MCLawCh6notes - Chapter 6 Access to Chapter 6 Access to...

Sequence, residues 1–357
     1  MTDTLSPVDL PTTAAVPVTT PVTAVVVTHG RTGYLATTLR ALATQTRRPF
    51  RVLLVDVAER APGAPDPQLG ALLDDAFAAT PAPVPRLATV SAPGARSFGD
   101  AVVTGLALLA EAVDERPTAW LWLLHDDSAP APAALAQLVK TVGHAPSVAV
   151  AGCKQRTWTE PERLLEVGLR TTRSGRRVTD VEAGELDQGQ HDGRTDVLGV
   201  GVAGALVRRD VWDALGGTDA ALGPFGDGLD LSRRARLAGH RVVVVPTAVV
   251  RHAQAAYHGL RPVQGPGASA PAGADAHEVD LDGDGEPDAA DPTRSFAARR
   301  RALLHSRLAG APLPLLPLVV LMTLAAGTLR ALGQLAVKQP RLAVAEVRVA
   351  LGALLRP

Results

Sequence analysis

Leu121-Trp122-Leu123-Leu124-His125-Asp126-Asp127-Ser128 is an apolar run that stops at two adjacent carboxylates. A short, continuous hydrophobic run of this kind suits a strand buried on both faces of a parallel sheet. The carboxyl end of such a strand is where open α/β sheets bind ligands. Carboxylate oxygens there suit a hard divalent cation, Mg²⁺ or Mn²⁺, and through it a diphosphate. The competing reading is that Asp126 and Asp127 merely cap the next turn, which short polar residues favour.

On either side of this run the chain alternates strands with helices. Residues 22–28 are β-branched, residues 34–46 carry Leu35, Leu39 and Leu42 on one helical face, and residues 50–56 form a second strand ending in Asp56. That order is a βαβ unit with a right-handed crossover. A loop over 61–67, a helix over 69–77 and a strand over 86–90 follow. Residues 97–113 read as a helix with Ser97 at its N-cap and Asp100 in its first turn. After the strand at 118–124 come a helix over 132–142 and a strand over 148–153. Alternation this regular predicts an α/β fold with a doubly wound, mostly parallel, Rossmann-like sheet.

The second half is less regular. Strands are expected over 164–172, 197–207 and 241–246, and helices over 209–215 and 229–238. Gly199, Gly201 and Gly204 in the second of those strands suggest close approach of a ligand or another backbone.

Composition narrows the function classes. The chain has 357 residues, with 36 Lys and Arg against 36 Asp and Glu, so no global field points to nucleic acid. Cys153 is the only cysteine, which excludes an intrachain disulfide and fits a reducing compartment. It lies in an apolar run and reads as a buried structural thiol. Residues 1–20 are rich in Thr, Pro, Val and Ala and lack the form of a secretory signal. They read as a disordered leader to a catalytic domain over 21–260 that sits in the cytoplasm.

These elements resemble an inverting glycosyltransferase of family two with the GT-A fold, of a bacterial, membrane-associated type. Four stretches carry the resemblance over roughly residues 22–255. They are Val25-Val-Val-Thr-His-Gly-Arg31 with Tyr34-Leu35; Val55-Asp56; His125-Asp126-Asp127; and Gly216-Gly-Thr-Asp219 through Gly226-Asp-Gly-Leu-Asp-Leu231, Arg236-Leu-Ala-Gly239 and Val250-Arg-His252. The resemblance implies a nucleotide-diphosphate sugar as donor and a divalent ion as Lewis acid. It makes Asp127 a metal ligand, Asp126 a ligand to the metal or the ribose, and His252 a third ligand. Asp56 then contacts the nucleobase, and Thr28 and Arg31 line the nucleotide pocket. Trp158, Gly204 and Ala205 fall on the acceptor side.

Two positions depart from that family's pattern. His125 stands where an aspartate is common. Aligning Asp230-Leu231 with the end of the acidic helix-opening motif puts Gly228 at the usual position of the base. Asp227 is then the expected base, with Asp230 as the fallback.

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Unformatted text preview: Chapter 6: Access to Chapter 6: Access to Places and Information While the First Amendment grants a fundamental freedom to communicate and publish information, it does not grant a right of access for either the public or the press to information. Access to Private Property Access to Private Property • The Supreme Court has repeatedly ruled that the press is not guaranteed any greater right to information than the general public enjoys – Therefore no right of access to private property – Denying access to private land, or a government restricting travel to protect safety is not a concern of the First Amendment – Newsworthiness does not invoke the First Amendment Access to Private Property Access to Private Property • Trespass to Private Property – The intentional, unauthorized entry on property rightfully possessed by another – Differs by state • Most have two important provisions: – Rightful possession by the Π – Unlawful entry upon such possession by the Δ – Under these laws, anyone, including the media, can be sued for the civil tort (trespass) and/or prosecuted under the criminal statutes – Most common defense is consent • Express • Implied Access to Private Property Access to Private Property • Implied Consent – Usually applies to situations wherein the public is invited onto property for some specific purpose intended by the property owner – If an individual goes beyond the scope of the implied consent given, he is trespassing • See pp. 156­157 for examples of such – Similarly, express consent is also revoked if conduct goes beyond scope of the consent – Just because given to one, doesn’t mean it extends to others • That said, some law enforcement authorities do have agreements with members of the media to whom they issue courtesy press passes (discretionary, no legal effect) Access to Private Property Access to Private Property • In some jurisdictions, obtaining entry by misrepresentation is trespass and can negate any consent obtained • In most jurisdictions, secret videotaping or other covert behaviors involving subterfuge or snooping are trespass Access to Government Property Access to Government Property • Merely because government property has a public purpose or use, does not mean that the whole or any part is open to the public or media • Public and media access to government property is determined by the sovereign government based on whatever use best serves the property’s purpose and meets government standards (public safety, national security…) • The First Amendment does not shield newspersons from liability for torts and crimes Access to Government Property Access to Government Property • That said, the Court has consistently ruled that once the media have gathered information, they may not be restrained from publishing it. • Numerous “Access to Information” cases – Usually involve competing interests: • • • • Governmental entity Interests of public being served by entity Interests of media attempting to gain access General interests of the public – Examples include: • access to polling places, military facilities and jails, Access to Government Property Access to Government Property • Access to polling places – In 1988, a federal court ruled that polling places were traditional public fora and regulation at issue was content­ based because it involved discussion of voting (exit polling), so it applied the strict scrutiny standard of review and ruled the Washington state statute unconstitutional. – Similar results in Georgia (1988) – But, the Court upheld the constitutionality of a Tennessee state statute involving a 100­foot “campaign­free zone” • Also applied strict scrutiny, but decided that conflicting freedoms were at odds and “the right to cast a ballot free from the taint of intimidation and fraud” was more important than the exercise of free speech, especially as the compromise of space from the entrance was reasonable Access to Government Property Access to Government Property • Access to military facilities – Authority in base commanders to restrict access is absolute – The Court has heard several cases over the past four decades involving this issue and has consistently held that such restriction is not a violation of any constitutional amendment – Greer v. Spock (1974) is most interesting (see p.161 in text) • Jails, Prisons and Inmates – The media have no greater right of access to prisons or prisoners than does the general public – Neither the public nor the media have any specific First or Fourteenth Amendment right of access to specifically Access to Government Property Access to Government Property • While it is almost always OK to restrict access in the ways mentioned above, the Court has consistently ruled that once the government does grant access to its facilities, information and processes, it may not discriminate based on either the viewpoint of those seeking access or the content of their communication • In addition, the government must also grant equal access to all who fit within the categories of individuals or groups it has admitted to its forum, and provide due process for those to whom it denies access (equality of access doctrine) Access to Governmental Access to Governmental Decision­Making Processes • Each branch of the government may independently decide how much access or information they give and may decide to whom they will grant such access • Beginning in 1940s, pressure by the people to grant access to the government’s decision­making processes, increased by numerous media organizations, so… • In 1976, the “Government in the Sunshine Act” became law – “…that the Public is entitled to the fullest practicable information regarding the decision­making processes of the Federal Government.” Federal Open Meetings Law Federal Open Meetings Law • All meetings of federal agencies must be open to public observation, except for 10 subject matters that justify private meetings (see p. 169 in text for the list) • Act applies only to the Executive branch – Therefore leaves out Congress and the judiciary • Requires affected agencies to give one­week public notice of meetings (published in the Federal Register) • There are also many state open meeting laws (all have some sort) – Alabama was first in 1907 – Florida next in 1967 Access to Government Access to Government Information and Records • Freedom of Information Act (FOIA) – First passed in 1946 as the Administrative Procedure Act – Required that every federal agency publish descriptions of members and activities and decisions, but only to those “persons properly and directly concerned” thereby leaving out the general public and the media – So, in 1966 the FOIA was signed into law and entered as an amendment to the original Act – Requirements of the Act are summarized in Ex. 6.4 on p. 172 of your text – Again, only pertains to the Executive branch of government Nine categories of exemptions(see p. 173 in text) Freedom of Information Act Freedom of Information Act • After 1966, number of requests increased significantly • By early 1990s, agencies are overwhelmed with requests – All parties frustrated by delays and increasing costs • So, in 1996, Congress passed the Electronic Freedom of Information Act Amendments – Placed a lot of material online for easier and cheaper access – Allows agencies to negotiate with requesters as to how and how much info will be produced • The Privacy Act of 1974 limited access to government information about individuals Misused Terminology Misused Terminology • Privilege – Often misused; very specific meaning at law: • Particular types of communications or information about which certain parties cannot be forced to testify or to disclose materials relating to that information, because their communications are legally exempt from public scrutiny – Two types of privilege held over from British Common Law: • Attorney­client (client owns the privilege) • Spousal – On Constitutional privilege: • Fifth Amendment protection against self incrimination Misused Terminology Misused Terminology • Media professionals (reporters)often mistakenly believe that there is a press/reporter privilege. This is untrue. (See p. 176 in text for quote from Branzburg v. Hayes (1970) specifically addressing this issue) • Also federally created Presidential Privilege – Primarily concerned with statements associated with decision making by the president (a qualified privilege) • If a privilege exists, then communications that fall under it are confidential and disclosure cannot be compelled Misused Terminology Misused Terminology • See Ex. 6.6 on p. 179 of text for list of the only privileges that exist • Immunity – Refers to an exemption for certain people – Under appropriate circumstances, these people are exempt from the normal operation of law, therefore do not have to come into court to answer for their actions or communications • Can be criminal or civil or both • Federal legislators, President, etc – but only within scope of official duties Misused Terminology Misused Terminology • Prosecutorial Grants of Immunity – Given by federal or state prosecutors in criminal cases – Testimony cannot be used against the witness – Entirely discretionary • Shield Law (State Statutory Privileges) – State statutes, two types: • Limited or qualified protection from testifying to some class of individuals (protect potential witnesses) – Children, rape victims, media (reporter sources) • Limited media liability (or provides an affirmative defense) for defamation when there has been a retraction of a defamatory statement Misused Terminology Misused Terminology • Affirmative Defense – A justification or legal excuse for some behavior or communication – Δ is responsible to prove • No such thing as a “reporter’s privilege” – Court addressed it in Branzburg v. Hayes (1970) • And found no such privilege, even though the facts of the case involved a state media shield law – However, state constitutions could grant such protection if state legislators so desired – And, reporters do have the same protection as all witnesses, so court could apply a balancing test (see p. 185 in text) Misused Terminology Misused Terminology • Subpoenas – General • Requires person to appear to give testimony – Duces Tecum • Requires person to collect information and to appear with it • Contempt – Criminal • Used by government for gross/egregious behavior in failing to or refusing to respond to a subpoena (defiance of the court – punitive sanctions) – Civil • Purely coercive; some jail time & fines (usually after lots of ...